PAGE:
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Violence from Parents in Childhood and Obesity in Adulthood: Using Food in Response to Stress as a Mediator of Risk

Emily A. Greenfield and Nadine F. Marks

Social Science and Medicine
January 2009
Guided by a life course perspective and concepts from models of stress and coping, this study tested the extent to which self-reported profiles of physical and psychological violence in childhood from parents were associated with greater odds of obesity in adulthood. This study also examined the extent to which adults' greater use of food in response to stress served as a mediator of potential associations of risk. Multivariate regression models were estimated using data from 1650 respondents in the 1995–2005 National Survey of Midlife in the U.S. (MIDUS). Results indicated that respondents who reported having experienced both psychological and physical violence from parents—with at least one type of violence having reportedly occurred frequently—were more likely to be classified as obese in contrast to respondents who reported never having experienced either type of violence from parents. Evidence from a sequence of models that tested mediation effects indicated that greater use of food in response to stress among respondents with problematic histories of violence explained, in part, their higher risk of adult obesity. Findings contribute to the growing body of evidence regarding psychosocial predictors of obesity, as well as the physical health consequences of childhood family violence. Results further suggest the importance of addressing particular aspects of life course social relationships—such as violence in childhood from parents—and their implications for psycho-behavioral uses of food within efforts to reduce rates of adult obesity.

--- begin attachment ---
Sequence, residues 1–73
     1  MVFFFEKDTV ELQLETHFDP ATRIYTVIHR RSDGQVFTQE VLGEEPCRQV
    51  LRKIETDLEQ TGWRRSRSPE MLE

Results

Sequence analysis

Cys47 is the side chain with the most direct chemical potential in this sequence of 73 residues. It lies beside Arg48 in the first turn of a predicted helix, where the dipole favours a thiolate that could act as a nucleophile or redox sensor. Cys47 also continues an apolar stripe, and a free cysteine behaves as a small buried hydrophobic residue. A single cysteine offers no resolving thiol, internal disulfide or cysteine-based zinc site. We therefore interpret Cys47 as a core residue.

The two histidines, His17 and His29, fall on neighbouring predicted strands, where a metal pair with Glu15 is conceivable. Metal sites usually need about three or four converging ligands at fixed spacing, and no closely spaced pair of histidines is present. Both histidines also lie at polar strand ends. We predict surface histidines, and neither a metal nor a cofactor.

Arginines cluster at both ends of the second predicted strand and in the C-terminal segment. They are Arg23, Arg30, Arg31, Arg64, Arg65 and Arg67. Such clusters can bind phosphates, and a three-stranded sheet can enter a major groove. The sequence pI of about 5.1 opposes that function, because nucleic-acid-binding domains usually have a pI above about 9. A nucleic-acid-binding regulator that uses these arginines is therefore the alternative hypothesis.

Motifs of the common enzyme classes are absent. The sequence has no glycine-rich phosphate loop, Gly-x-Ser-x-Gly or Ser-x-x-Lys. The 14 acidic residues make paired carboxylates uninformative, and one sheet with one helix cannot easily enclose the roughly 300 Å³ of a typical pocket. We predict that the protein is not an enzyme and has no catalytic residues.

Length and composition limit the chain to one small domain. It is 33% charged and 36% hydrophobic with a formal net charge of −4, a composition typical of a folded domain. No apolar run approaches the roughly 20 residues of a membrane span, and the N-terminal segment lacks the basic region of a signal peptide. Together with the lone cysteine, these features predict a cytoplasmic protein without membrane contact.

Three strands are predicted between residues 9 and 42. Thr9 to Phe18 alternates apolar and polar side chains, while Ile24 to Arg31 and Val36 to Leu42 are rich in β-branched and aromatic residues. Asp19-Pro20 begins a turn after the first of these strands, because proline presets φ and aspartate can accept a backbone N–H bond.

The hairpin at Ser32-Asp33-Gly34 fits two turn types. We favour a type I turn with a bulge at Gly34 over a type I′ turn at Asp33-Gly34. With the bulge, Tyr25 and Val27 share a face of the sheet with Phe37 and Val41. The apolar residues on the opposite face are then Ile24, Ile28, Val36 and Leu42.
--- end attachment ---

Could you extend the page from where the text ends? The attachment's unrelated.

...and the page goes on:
Emily A. Greenfield and Nadine F. Marks. "Violence from Parents in Childhood and Obesity in Adulthood: Using Food in Response to Stress as a Mediator of Risk." Social Science and Medicine, Volume 68: 791-798, 2009.



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